keeping a secret between you and God alone

Jesus talked about keeping one’s good works and sacrifice between one’s self and God, not letting others know, as if for show (see Matthew 6). For me, engaging in liturgy, especially liturgical services such as Ash Wednesday is relatively new. Father Michael Cupp at our Ash Wednesday service this past week pointed something out which hit home to me, a new thought in its context. Simply put, that we should not be concerned, but even happy if the ashes into the form of the cross on our foreheads is covered by our hair, though in Michael and my own case, we have no (or not enough) hair to cover it. The point was that even over something I might be enthusiastic about, which I like to share, it is good to keep between myself and God as far as my actual practice of it is concerned. Of course I can share with others in answer to their questions, or even beyond that if I think I’m led to do so. But it is on the safe side to work on keeping acts of righteousness hidden, between us and God, lest we fall into the sin of wanting to be seen by others as good and righteous, the old way of putting it, pious.

What we do and don’t do does end up mattering much more than we could imagine. We may think something bad we’re doing in secret is okay, but God sees it, and it does impact us and through that, others, in ways we little realize, or in fact don’t understand at all. In the same way the good we do before God as those in grace devoted to him will end up being part of God’s good work in the world. Whereas when we do it with ulterior motives, to be noted by others, then that reward is all we have, and if God uses it, it will be inspite of that.

And so, just as we know that all we do has meaning only in reference to God, but out from that, for everything, we go on in our Lord Jesus. As we look forward to the day when everything will be done out of sheer joy and love with no danger of empty show.

what the rich young ruler missed

Jesus looked at him and loved him. “One thing you lack,” he said. “Go, sell everything you have and give to the poor, and you will have treasure in heaven. Then come, follow me.”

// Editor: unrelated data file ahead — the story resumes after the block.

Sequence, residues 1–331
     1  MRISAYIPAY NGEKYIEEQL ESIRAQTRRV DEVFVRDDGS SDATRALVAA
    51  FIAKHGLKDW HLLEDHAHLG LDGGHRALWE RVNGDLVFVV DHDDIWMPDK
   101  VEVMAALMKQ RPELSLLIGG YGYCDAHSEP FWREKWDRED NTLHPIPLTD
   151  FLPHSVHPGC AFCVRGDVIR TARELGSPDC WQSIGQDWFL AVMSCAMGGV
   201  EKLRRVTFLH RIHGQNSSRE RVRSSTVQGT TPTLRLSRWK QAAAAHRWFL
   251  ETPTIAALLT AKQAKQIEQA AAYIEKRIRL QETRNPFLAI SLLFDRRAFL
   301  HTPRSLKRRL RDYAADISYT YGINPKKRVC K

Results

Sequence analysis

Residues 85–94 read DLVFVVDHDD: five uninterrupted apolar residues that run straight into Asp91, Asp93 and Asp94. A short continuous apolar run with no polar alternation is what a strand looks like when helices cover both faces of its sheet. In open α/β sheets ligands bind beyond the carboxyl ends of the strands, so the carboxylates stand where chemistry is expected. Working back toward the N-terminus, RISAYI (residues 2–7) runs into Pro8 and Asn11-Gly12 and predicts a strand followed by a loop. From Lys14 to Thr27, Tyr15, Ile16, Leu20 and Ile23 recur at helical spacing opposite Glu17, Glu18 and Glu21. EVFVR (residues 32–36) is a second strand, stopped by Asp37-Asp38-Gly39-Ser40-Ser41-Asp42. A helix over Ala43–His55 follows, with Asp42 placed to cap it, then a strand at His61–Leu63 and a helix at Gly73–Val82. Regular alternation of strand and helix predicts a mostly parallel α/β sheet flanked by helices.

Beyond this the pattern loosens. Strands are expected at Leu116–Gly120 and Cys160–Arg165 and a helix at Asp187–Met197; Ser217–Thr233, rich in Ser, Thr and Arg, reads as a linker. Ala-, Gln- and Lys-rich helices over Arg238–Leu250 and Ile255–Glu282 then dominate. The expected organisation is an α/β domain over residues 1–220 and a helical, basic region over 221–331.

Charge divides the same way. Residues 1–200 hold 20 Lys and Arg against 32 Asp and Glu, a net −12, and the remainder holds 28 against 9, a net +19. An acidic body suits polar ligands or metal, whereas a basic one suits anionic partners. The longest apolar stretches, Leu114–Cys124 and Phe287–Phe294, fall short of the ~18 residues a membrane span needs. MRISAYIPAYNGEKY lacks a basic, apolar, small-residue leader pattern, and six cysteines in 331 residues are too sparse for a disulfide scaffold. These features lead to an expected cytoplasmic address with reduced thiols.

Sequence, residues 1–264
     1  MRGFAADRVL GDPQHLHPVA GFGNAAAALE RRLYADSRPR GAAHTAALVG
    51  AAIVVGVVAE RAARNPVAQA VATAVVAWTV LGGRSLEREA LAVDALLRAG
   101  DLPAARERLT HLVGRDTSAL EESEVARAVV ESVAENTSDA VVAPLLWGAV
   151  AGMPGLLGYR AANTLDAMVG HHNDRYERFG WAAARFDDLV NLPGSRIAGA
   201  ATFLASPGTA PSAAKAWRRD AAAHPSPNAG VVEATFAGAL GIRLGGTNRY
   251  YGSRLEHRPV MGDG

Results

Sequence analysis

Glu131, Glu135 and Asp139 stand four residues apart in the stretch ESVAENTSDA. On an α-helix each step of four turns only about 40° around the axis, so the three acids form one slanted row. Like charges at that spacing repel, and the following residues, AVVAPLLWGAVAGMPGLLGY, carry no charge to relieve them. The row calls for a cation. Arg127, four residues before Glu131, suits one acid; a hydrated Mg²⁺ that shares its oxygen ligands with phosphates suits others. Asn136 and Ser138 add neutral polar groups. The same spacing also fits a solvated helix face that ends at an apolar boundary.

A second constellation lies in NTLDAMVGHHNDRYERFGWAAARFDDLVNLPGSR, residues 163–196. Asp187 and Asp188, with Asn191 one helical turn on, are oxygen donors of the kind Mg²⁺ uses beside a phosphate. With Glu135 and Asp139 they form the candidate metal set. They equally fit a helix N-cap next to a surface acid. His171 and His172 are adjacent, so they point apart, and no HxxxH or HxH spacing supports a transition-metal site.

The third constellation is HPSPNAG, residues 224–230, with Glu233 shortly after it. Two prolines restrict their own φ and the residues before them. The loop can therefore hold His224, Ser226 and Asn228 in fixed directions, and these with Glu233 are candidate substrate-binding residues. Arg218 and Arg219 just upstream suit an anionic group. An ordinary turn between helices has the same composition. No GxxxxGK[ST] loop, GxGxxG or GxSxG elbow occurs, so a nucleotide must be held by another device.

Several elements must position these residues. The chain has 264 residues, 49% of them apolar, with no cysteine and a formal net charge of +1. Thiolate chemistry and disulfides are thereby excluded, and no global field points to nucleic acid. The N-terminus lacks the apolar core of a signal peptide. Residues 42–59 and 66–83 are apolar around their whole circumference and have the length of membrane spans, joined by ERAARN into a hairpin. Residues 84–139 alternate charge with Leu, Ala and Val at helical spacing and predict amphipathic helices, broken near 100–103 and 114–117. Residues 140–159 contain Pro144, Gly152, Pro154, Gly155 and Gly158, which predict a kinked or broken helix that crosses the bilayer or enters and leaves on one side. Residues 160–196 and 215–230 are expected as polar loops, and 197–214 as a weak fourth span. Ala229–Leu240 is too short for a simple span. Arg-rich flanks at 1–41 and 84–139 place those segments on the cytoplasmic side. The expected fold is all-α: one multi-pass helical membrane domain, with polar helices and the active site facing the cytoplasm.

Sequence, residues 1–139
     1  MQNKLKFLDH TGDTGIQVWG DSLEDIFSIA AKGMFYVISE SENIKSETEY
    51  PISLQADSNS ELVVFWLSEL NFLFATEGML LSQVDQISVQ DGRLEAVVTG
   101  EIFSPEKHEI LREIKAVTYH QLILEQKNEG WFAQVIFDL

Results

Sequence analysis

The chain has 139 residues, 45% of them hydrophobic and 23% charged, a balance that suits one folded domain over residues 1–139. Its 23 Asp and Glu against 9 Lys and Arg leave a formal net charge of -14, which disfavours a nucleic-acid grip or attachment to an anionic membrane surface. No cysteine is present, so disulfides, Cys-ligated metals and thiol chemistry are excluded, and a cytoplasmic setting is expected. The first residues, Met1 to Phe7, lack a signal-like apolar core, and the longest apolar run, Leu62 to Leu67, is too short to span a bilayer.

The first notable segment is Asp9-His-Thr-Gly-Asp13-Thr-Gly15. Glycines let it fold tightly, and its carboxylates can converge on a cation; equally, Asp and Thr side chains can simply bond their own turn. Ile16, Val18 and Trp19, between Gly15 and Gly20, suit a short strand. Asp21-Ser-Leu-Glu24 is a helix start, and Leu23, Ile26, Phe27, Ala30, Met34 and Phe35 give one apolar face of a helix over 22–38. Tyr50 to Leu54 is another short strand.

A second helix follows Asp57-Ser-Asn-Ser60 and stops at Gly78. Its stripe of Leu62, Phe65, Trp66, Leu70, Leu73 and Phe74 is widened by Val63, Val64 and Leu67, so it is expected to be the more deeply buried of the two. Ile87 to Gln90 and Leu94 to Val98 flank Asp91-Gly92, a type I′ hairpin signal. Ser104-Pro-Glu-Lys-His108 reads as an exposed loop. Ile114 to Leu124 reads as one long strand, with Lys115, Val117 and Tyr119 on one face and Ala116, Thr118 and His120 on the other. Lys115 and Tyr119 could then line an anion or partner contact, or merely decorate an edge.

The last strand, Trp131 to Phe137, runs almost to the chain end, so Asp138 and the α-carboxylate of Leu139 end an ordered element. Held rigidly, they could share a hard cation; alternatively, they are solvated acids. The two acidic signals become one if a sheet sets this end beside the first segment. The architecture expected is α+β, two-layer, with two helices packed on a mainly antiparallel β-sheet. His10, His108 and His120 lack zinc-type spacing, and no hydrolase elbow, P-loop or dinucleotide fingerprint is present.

This is an interesting story, told in the three synoptic gospels, Matthew, Mark and Luke. A ruler falls on his knees before Jesus and asks what good thing he should do to inherit eternal life. I take the words of Jesus as well as that of the ruler here at face value. I don’t import on them my understanding of what an evangelistic gospel presentation should look like. The summons here is to a king and a kingdom come in him. A completely different kingdom than those of the world or what Israel anticipated. Of course more needed to take place, namely Jesus’ death and resurrection followed by his ascension and the pouring out of the Spirit along with the promise of his return. But what is in the gospels is essential to understanding the agenda which is set. Which has been all but lost by the church at large through the centuries. Evident in that the creeds make no passing mention of it.

Yes, Jesus’ call was costly. Sell everything, all his vast wealth and give to the poor. The giving to the poor is not at all surprising, but as we gather from Jesus’ own disciples from what they said afterward and Jesus’ follow up to that, the idea that a rich person should give up their wealth, or at least the idea that it is hard for the rich to enter into the kingdom of heaven because they are so tied to their wealth, as if material prosperity could be antithetical to the kingdom of God did not ring true to the disciples themselves.

The young man’s face fell. He went away deeply sad, since he had great possessions. Doing what Jesus said for him was not an option. Impossible. An illustration of Jesus’ words that it is indeed hard for the rich to enter into the kingdom of heaven. As Jesus intimates, impossible apart from God.

But think of what this ruler missed: Besides the treasure in heaven, actually being a follower on the ground of Jesus himself. Becoming one who could learn what it means to live in the new way in him, the way of the cross, the way of resurrection life. Above all to know Jesus, and to know God through Jesus which amounts to eternal life (John 17). He missed so much. And for what? What ends up being a mess of pottage when it’s all said and done. Maybe worldly glory which comes and goes. But not the glory which comes from God. We don’t want glory to ourselves, indeed that is not fitting. What is meant here is to live in God’s favor by his grace, completely a gift in and through Jesus.

May we have ears to hear the call and a heart to follow.